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Virologist: COVID-19 vaccines provide ‘hope that the end is in sight’

A health care worker at the Portland Veterans Affairs Medical Center receives a COVID-19 vaccination on Dec. 16, 2020 in Portland, Oregon. (Photo by Nathan Howard/Getty Images)

The race to vaccinate is on across the country, and about nine million Americans have already rolled up their sleeves so far. Dr. Angela Rasmussen, virologist with Georgetown University’s Center for Global Health Science & Security, and weekly guest of KIRO Radio’s Gee and Ursula Show, says the vaccines do provide hope, but it’s not the end of the pandemic just yet.

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In a Twitter thread, Dr. Rasmussen compares where we’re at in the pandemic to climbing out of a well.

“So there has been a lot of discussion among scientists, and journalists, and people who are writing about this and thinking about this about how well we’re actually selling the vaccines or creating demand for them,” she said. “And some people have suggested that we’re not giving enough of a hopeful message to people that will actually decrease vaccination uptake. And I don’t agree with that at all.”

“I feel that it’s really important to make sure that we’re communicating accurately with the public, to make sure that we’re being honest about what we know and what we don’t know about the vaccine. And that is the best way to build trust and get people wanting to take the vaccine for themselves,” Rasmussen added. “So I wrote a tweet thread, a pretty long tweet thread, comparing the pandemic to being at the bottom of a well.”

In this analogy, the onset of the pandemic is the moment that we fell into the well.

“It’s very dark, it’s very cold, but there is a ladder out of it,” she said. “So we started climbing up that ladder. And when we got to the point in December where we developed and authorized for public use, two very efficacious vaccines at preventing symptomatic COVID-19, that was the first glimmer of light at the top of the well. But just having those vaccines isn’t enough. We need to make sure that people are taking them.”

Dr. Rasmussen also pointed out that we still don’t know whether or not these vaccines can prevent transmission or protect against infection. Right now, she explained, we only know about their ability to protect against symptomatic disease.

“So it’s like we’re still in the well, we’re still climbing. We can see the glimmer of hope at the top, but right now is not the time to either declare victory or to give up,” she said. “Right now is the time when we should be doubling down on the interventions that we know work to reduce transmission in the short term and, in the analogy, to keep climbing out of the well.”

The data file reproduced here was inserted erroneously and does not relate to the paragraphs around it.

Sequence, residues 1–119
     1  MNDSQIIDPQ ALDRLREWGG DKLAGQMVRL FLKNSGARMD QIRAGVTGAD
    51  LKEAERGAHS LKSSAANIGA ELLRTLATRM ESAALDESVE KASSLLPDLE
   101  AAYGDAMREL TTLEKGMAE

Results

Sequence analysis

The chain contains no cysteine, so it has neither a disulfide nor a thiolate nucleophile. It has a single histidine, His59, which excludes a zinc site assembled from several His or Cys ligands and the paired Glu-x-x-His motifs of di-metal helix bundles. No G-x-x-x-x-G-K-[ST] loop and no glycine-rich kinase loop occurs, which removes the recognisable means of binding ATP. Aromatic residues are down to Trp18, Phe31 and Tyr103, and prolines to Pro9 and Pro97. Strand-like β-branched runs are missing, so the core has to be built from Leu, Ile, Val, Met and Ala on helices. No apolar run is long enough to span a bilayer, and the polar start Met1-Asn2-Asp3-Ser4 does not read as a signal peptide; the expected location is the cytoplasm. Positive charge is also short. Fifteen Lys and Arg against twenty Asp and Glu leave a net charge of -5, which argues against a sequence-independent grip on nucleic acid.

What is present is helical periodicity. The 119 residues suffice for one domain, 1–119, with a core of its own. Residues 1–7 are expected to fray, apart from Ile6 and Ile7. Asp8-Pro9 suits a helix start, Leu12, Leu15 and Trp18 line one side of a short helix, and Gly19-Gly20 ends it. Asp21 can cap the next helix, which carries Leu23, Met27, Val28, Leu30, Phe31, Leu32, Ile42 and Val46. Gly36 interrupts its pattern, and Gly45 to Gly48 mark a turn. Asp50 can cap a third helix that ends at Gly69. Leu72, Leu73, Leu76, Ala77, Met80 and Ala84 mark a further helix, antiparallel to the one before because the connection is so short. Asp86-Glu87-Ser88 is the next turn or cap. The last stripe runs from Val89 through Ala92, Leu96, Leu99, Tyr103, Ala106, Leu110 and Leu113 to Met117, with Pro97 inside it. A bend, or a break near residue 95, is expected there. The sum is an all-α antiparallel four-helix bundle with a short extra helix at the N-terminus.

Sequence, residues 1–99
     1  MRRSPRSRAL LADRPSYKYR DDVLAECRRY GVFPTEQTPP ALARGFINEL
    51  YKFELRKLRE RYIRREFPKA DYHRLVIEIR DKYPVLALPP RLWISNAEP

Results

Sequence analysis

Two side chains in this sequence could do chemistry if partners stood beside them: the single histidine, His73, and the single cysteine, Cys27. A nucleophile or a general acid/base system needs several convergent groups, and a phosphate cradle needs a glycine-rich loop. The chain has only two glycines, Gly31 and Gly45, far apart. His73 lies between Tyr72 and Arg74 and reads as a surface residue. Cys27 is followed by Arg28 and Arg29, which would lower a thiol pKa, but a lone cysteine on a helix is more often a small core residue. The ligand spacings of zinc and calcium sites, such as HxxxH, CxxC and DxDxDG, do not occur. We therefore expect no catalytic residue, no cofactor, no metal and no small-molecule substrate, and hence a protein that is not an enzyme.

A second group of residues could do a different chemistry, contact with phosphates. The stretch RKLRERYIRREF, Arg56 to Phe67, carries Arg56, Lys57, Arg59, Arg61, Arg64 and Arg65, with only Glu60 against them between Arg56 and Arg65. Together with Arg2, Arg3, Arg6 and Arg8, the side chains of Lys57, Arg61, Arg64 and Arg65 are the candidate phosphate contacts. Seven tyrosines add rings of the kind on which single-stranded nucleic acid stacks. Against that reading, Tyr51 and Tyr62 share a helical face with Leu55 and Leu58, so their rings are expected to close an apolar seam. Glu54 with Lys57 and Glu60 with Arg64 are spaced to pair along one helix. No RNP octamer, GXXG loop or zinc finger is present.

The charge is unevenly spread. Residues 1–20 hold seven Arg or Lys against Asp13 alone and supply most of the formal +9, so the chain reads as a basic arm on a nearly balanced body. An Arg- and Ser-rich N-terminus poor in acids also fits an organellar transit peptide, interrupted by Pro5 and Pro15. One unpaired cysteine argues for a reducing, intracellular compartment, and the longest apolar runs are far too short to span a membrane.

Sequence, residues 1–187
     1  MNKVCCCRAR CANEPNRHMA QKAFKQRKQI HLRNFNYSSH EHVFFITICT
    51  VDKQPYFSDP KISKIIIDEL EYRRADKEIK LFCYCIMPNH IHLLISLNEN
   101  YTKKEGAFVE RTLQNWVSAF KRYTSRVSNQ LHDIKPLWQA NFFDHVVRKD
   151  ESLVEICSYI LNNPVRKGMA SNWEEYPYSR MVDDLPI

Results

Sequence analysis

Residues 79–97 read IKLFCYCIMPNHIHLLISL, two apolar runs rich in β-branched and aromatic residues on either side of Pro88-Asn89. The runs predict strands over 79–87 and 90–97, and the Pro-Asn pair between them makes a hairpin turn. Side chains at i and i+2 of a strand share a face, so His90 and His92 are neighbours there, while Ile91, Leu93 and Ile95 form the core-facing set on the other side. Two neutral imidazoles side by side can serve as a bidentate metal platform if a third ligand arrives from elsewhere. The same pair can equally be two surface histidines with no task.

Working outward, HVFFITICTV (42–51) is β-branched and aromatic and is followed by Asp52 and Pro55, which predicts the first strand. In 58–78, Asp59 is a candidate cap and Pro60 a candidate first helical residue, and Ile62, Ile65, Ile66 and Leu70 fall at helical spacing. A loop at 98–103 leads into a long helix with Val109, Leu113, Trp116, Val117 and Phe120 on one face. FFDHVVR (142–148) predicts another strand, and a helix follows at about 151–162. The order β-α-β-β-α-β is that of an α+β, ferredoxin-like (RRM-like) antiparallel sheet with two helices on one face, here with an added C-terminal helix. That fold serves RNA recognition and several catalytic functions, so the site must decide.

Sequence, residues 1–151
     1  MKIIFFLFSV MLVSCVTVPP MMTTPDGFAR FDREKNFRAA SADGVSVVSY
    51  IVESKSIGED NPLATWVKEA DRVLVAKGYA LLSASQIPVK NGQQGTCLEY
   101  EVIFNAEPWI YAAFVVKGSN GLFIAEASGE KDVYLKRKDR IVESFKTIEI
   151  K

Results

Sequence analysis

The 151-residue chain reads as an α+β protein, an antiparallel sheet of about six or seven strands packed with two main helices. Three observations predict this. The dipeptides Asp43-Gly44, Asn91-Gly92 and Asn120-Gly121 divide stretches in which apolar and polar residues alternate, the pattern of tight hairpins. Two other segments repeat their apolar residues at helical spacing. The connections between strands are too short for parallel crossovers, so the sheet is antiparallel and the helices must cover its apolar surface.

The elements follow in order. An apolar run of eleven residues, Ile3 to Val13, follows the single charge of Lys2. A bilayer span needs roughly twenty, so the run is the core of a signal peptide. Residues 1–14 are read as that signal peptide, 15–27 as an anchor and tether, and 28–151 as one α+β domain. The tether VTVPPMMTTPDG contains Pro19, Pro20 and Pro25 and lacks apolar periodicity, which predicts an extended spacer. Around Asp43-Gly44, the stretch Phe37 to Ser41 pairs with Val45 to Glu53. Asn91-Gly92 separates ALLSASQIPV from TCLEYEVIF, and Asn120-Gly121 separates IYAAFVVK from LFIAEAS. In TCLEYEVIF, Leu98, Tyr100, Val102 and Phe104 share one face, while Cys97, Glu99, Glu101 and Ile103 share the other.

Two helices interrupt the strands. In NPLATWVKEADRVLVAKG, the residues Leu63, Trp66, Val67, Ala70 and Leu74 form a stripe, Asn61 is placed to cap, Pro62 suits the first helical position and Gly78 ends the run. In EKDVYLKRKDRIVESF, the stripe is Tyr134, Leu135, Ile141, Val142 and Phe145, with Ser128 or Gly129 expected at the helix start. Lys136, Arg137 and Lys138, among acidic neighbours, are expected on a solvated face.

“And as we reduce transmission, as well as more people get vaccinated, eventually that little circle of light at the top of the well will get bigger and bigger as we get closer to it, and eventually we’ll be able to climb out of the well and return to our normal lives,” she added.

Dr. Rasmussen says she hopes this analogy communicates to people that there are still some unknowns about the vaccines, and we should continue to use caution.

“But we’re on our way to ending this, and so people should have hope that the end is in sight,” she said.

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Addressing the deaths in Norway, Germany

While the vast majority of people who have received the COVID-19 vaccines so far have handled it well, with only minor side effects or treatable reactions, in Norway, doctors are investigating the deaths of nearly two dozen elderly patients who got the Pfizer vaccine. Reports of a few more deaths have surfaced in Germany as well. Rasmussen says it’s not yet known if the vaccine was the cause of the deaths.

“Right now, this is a matter of concern, but it’s important for people to understand that those people who unfortunately and tragically died were also very, very frail,” she said. “So it’s very difficult to say if they died just because of the vaccine or if it was because they were already very frail, very fragile patients to begin with.

“For the time being, Norway has not changed any of its recommendations about the vaccine, and to my knowledge, neither has Germany, which should tell us that there is a good indication that the vaccine may have had nothing to do with those deaths,” she added. “Those people were in a high risk population, they were already very, very sick, and elderly. So it’s important for people to not jump to conclusions. In the vast majority of people, these vaccines are safe, and like I said, they’re very efficacious. These vaccines are really the key to ending this pandemic for good in the long term.”

To hear Dr. Rasmussen’s answers to listener questions, find the full interview here.

Listen to the Gee and Ursula Show weekday mornings from 9 a.m. – 12 p.m. on KIRO Radio, 97.3 FM. Subscribe to the podcast here.

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